By Times Staff
A leader of a controversial Cape Cod commercial fishing organization has been named to a seat on the New England Fisheries Management Council — taking over for the same group's CEO, who has served as chairman despite questions from fishermen and industry supporters over alleged conflicts of interest.
Thomas D. Dempsey is one of two from Massachusetts named to at-large council seats by the federal Department of Commerce this week, and one of four appointments made to the New England Fishery Management Council. Commerce officials, in all, named 21 members to councils across the nation.
Dempsey, policy director for the Cape Cod Hook Fishermen's Association and an assistant director for the Cape Cod Fisheries Trust, had topped the list of three nominees for the panel submitted to outgoing Commerce Secretary Gary Locke by Gov. Deval Patrick in March.
With the appointment, Dempsey will take the seat of John Pappalardo, who had previously served as the Cape Cod group's policy director and is now its CEO while serving as the New England council's chairman.
By selecting Dempsey, the Commerce secretary — like Patrick — chose him ahead of Stephen P. Welch, a commercial fisherman from the South Shore who lands his catch in Gloucester and New Bedford.
Welch had been the candidate nominated by the Gloucester-based Northeast Seafood Coalition, which has clashed with the Cape Cod Hook Fishermen's Association for years based on the environmental alliances and advocacy for reduced fishing and limited gear goals endorsed by the Cape Cod group and its environmental allies.
No candidates from Gloucester were included in the nomination process; America's oldest fishing port was last represented on the New England council by Vito Calomo, who stepped down after serving his final term in 2001.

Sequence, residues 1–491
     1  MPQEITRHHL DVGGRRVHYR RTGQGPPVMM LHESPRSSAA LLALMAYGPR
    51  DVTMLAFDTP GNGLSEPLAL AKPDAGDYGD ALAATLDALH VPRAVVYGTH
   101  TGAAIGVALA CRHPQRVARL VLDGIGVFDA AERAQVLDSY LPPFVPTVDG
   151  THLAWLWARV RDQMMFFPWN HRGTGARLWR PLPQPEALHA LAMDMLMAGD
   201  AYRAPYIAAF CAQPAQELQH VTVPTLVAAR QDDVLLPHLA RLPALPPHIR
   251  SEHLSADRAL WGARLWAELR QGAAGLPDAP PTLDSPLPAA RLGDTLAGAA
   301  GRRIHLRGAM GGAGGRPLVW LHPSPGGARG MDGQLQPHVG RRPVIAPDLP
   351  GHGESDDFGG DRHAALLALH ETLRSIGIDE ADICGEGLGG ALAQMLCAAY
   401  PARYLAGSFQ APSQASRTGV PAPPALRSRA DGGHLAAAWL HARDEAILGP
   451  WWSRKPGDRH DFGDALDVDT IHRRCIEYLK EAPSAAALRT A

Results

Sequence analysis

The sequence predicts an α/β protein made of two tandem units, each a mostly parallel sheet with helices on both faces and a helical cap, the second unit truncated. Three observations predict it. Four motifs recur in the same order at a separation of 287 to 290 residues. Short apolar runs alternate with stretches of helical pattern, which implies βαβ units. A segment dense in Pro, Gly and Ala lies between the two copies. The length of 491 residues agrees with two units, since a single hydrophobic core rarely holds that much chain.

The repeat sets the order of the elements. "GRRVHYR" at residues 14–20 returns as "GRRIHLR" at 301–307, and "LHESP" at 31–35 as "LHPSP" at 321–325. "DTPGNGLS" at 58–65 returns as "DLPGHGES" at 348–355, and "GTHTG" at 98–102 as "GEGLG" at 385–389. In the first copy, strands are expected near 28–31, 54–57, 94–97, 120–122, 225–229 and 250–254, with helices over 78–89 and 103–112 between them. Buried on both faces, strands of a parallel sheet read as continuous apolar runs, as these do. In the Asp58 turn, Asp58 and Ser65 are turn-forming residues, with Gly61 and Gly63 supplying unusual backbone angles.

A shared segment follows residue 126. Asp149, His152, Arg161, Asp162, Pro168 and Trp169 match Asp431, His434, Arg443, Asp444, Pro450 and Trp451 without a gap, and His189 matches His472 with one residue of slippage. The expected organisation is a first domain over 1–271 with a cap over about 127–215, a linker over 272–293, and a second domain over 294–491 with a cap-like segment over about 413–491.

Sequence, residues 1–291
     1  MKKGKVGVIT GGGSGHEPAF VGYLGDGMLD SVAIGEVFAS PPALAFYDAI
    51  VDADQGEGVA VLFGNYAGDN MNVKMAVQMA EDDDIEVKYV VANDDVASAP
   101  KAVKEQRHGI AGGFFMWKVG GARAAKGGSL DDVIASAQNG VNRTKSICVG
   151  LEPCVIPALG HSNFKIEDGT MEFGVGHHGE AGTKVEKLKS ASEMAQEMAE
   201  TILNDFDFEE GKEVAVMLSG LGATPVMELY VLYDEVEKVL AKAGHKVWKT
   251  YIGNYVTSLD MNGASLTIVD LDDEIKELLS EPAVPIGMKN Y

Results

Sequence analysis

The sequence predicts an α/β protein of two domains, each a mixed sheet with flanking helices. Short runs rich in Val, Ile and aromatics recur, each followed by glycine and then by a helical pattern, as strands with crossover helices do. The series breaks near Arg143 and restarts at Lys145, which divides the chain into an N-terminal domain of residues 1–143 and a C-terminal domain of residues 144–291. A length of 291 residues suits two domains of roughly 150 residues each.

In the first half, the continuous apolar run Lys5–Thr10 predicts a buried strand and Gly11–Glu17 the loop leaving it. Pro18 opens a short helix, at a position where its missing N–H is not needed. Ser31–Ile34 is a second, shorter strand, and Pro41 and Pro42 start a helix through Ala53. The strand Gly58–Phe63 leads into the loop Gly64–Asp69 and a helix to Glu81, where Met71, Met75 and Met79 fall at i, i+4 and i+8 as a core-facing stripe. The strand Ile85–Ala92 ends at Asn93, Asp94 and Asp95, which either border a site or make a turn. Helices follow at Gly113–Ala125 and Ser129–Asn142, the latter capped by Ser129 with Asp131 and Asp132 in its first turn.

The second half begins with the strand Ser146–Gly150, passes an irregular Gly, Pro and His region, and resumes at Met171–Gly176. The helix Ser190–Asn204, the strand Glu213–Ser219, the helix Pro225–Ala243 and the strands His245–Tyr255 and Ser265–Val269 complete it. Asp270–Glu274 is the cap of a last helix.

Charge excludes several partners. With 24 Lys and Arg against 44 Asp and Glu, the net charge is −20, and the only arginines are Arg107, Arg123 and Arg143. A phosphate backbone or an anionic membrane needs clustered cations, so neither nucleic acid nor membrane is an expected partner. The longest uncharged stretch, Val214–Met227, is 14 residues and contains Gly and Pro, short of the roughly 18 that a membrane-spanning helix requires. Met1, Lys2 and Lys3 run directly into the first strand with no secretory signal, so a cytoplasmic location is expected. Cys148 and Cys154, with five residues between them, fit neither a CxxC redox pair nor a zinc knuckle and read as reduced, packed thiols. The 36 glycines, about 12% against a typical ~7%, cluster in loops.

In announcing the appointments of all of the new councilors, National Oceanic and Atmospheric Adminstration fisheries chief Eric Schwaab hailed the selections, which include both returning and new members.
In addition to Dempsey, others named to the New England Council include Laura Ramsden, also of Massachusetts, Peter T. Kendall of New Hampshire and Mary Beth Nickell-Tooley of Maine.
"The individuals selected for the councils are uniquely qualified for these important positions," Schwaab said in a prepared statement. "They are the experts-fishermen and scientists, leaders in their regions-who will help us achieve sustainable fisheries and maintain vibrant fishing communities."
All the new council terms begin Aug. 11.
NOAA's National Marine Fisheries Service annually solicits nominations from the governors of fishing states and oversees the annual appointment process.
The Secretary of Commerce must select councilors from the list of nominees provided by the governors to fill obligatory and at-large seats that have become available due to an expiring term, a resignation or other reasons.
Obligatory seats are state-specific, while at-large seats can be filled by a person from any of the states in the region. Council members serve three-year terms, and may be reappointed to serve up to three consecutive terms.
Dempsey and Pappalardo's Cape Cod Hook Fishermen's Association has been at the forefront of NOAA's conversion to catch share management systems, which encourages fishermen to buy, sell and trade their "shares" of an allocated catch for each stock among one another, or deal with larger companies and outside investors.
Under Pappalardo's leadership, and under a push from NOAA chief administrator Jane Lubchenco, the New England council rammed through a catch share system for New England in June 2009, and the program began in May 2010.
But data from the first year is already showing a bartered and greater concentration of catch quota and landings among larger boats and companies, while smaller, independent boats — such as those that dominate the Gloucester fleet — have found it hard to compete.
In the meantime, the Cape Cod Hook Fishermen's group has come under fire for getting an added boost in allocation from Pappalardo's council.
That allocation for the Cape Cod group — which has received financial and other support from the Environmental Defense Fund, the primary backer of catch shares — is among the targets of a federal lawsuit filed by the cities of Gloucester and New Bedford and a variety of fishing interests, challenging catch shares and New England's entire Amendment 16 and catch share regulatory framework.